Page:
When you have a serious physical injury and need medical attention, you seek aid from a medical physician, correct? So what happens when you experience mental distress, shouldn’t you seek care? Why is it that people feel more comfortable talking about their physical ailments but find it difficult when it comes to matter of the mind?
From a young age I always wondered when you’ve had a distressing experience who do you go to see. From failing an exam or your home being repossessed or losing a loved one, if you don’t have the capability to cope on your own what’s next? My mum informed me of a sad story of a young pregnant woman who committed suicide after she found out her mother had been impregnated by her husband. Hours later a video of her suicide was shared on my Facebook feed. This heart breaking story had me questioning, where was her support?
(Center – Ifeyinwa Frederick)
I attended the private viewing of ‘Perception’, an exhibition curated by Ifeyinwa Frederick (who runs Grey Matters, the mental health blog) and Hannah Remz. Not knowing a lot about the exhibition, I went there with an open mind. The exhibition eradicated myths and stigmas attached with mental health issues and celebrated artists who have lived with mental illness.
The exhibition opened up with a charismatic talk and performance by Dr. Ahmed Hankir, a psychiatrist who revealed that he too has lived through an episode of depression. “25% of doctors experience depression and 4 doctors commit suicide in the USA each year – Doctors are human beings too…” says Dr. Ahmed Hankir. His statement highlights that anyone can suffer from mental health issues and more needs to be done to help shine the light on this area.
Being surrounded by the visual work of artists who have showcased their perception of mental health, helped myself and others to see the minds of people suffering from this matter. You quickly gain the understanding that they’re not all that different to you. You begin to relate to some of their expressions, the only difference is you may have been in a better place to cope with the negative experience you’ve had faced.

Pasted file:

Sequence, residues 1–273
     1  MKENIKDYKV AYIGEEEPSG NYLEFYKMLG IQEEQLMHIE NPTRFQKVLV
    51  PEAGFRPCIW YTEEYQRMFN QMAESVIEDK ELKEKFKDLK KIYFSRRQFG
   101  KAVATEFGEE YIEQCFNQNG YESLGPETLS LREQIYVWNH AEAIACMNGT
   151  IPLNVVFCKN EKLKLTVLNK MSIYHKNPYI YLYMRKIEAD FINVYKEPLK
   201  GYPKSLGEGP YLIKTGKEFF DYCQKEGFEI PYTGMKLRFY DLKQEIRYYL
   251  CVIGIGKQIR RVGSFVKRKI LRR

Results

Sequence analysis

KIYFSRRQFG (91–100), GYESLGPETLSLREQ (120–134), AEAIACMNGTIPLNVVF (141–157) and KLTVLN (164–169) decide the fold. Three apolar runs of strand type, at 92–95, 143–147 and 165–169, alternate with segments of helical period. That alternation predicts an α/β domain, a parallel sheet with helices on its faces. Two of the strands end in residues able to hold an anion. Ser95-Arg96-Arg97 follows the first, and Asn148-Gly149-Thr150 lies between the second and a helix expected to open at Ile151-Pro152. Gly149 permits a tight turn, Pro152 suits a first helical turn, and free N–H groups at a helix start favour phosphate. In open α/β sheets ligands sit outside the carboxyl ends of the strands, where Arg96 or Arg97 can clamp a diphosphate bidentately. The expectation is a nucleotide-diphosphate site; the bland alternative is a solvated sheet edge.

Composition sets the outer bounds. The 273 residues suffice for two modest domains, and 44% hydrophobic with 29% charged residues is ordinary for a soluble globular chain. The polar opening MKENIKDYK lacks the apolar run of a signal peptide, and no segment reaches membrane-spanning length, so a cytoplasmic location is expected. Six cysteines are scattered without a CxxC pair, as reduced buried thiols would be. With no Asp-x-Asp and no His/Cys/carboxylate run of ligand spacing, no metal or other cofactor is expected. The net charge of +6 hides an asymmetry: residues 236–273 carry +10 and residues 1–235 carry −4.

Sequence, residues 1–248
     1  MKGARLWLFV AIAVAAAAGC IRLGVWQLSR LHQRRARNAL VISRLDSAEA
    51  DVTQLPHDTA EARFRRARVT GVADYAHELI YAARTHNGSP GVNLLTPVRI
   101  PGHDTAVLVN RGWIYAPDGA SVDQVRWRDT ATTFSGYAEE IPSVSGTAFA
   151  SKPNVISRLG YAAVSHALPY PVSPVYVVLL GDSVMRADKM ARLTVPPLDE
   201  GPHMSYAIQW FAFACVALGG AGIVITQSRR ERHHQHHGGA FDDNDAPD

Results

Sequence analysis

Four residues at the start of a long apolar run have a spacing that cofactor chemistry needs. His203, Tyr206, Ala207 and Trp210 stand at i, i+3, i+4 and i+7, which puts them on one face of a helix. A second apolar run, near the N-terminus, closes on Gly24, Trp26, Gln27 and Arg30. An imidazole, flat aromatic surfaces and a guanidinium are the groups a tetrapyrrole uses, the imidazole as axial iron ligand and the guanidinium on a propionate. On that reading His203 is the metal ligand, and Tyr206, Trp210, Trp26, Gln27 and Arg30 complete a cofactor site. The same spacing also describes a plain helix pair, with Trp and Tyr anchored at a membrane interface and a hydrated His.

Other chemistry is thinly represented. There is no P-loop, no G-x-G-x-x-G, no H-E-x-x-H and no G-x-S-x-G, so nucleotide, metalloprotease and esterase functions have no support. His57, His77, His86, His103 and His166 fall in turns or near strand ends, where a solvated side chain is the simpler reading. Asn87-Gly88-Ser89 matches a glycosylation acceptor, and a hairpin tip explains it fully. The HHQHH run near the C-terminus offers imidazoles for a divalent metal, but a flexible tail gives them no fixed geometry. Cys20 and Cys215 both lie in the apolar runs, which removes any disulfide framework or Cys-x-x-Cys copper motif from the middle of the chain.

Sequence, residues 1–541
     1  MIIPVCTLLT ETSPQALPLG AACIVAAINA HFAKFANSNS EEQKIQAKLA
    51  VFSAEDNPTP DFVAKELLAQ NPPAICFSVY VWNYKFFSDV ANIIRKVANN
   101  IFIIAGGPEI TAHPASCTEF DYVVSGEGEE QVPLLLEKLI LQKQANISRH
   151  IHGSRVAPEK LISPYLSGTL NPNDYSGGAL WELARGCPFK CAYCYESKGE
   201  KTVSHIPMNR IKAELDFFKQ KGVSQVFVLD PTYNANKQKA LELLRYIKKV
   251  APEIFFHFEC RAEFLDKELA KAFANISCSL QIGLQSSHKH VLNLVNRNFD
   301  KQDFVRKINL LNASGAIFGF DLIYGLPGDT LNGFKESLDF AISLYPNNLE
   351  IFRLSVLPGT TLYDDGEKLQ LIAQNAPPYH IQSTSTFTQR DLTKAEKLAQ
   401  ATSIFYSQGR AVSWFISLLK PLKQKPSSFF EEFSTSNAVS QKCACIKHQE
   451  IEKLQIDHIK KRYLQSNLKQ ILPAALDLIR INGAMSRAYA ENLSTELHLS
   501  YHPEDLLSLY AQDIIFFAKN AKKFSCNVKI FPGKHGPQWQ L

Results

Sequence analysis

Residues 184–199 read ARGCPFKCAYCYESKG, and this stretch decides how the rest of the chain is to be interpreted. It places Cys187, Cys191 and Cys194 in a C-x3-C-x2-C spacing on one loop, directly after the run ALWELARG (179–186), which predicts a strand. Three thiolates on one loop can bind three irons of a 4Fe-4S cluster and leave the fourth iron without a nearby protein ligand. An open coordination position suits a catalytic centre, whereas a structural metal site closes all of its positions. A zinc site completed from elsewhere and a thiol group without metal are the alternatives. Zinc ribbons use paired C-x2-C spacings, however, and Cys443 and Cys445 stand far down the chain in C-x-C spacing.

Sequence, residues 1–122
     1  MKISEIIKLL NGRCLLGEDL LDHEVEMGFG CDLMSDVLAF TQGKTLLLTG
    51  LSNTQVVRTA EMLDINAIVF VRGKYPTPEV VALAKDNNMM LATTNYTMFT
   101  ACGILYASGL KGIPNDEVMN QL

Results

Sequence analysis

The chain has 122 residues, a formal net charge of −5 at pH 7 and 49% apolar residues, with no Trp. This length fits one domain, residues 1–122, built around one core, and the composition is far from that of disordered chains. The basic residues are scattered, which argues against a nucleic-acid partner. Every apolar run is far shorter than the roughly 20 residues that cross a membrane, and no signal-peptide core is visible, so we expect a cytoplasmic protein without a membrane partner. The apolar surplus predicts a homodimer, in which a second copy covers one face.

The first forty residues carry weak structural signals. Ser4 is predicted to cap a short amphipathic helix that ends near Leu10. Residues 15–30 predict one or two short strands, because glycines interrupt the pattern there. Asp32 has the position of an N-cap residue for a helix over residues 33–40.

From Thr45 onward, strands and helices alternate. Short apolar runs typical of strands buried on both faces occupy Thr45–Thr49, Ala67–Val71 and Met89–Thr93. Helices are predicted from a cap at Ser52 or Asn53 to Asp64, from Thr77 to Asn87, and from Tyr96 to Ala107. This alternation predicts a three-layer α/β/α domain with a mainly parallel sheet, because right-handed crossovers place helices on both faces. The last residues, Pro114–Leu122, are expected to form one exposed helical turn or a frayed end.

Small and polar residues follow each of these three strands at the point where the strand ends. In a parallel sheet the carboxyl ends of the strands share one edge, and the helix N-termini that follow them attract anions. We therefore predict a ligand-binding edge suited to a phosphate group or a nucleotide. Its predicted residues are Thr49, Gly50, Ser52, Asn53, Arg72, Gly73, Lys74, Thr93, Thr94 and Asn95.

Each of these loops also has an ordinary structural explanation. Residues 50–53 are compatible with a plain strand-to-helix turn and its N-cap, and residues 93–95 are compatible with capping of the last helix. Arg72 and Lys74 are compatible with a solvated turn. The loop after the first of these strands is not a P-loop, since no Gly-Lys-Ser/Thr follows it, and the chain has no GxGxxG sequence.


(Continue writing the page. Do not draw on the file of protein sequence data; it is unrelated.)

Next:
A Q&A with Marsha Gosho Oaeke, editor-in-chief of SoulCulture shone the light on famous people who have experienced mental health issues. In an interview she had with J.Cole (a musician), he expressed how he felt depressed whilst making his album. Growing up I listened to all sorts of music, through my teenage years I listened to music from Grime artist such as Kano, Dizzee Rascal, Skepta and Young Spray – I wasn’t aware at that time but these artist were expressing their negative experiences on tracks which could be considered very therapeutic, for themselves and their listeners. Could you imagine having a conversation expressing your deepest thoughts without the fear of being judged? Music was their answer.
Ifeyinawa and Hannah were able to create a safe place that removed the stigma attached with mental illness and allowed people to open up and express their deep thoughts and feelings with no repercussions. I have never been diagnosed with a mental illness but I was still able to relate to their experiences. The Perception exhibition made me want to become a better listener and increase my empathy. If I had ever been accepting of the stigma attached to mental issues, one thing is for sure, it is no longer the case – thank you @Ifeyinwa and @Hannah.
If you would like to read more about mental health issues visit www.greymattersonline.co.uk – ‘a dedicated space for ordinary people to talk about their experiences of mental illness in their own words.’
I will leave you the words of Dylan Mills aka Dizzee Rascal from his song ‘Brand New Day’:
“When I look at my life I can’t help but think,
Cause I could of resorted to drugs and drink,
Everyday was the same as the day before,
We were never quite sure of what’s in store,
Every day I wake up I can’t help but feel,
I’m certain of life I mean this is real,
Mad thoughts skip around my head like dancers,
I know it’s long to question but I need answers,
The who’s, the what’s, the how’s, the when’s, the why’s,
You can at look in my face and see the pain in my eyes,
Tears ready to fall like the rain in the skies,
So hold back put my feet down and rise…”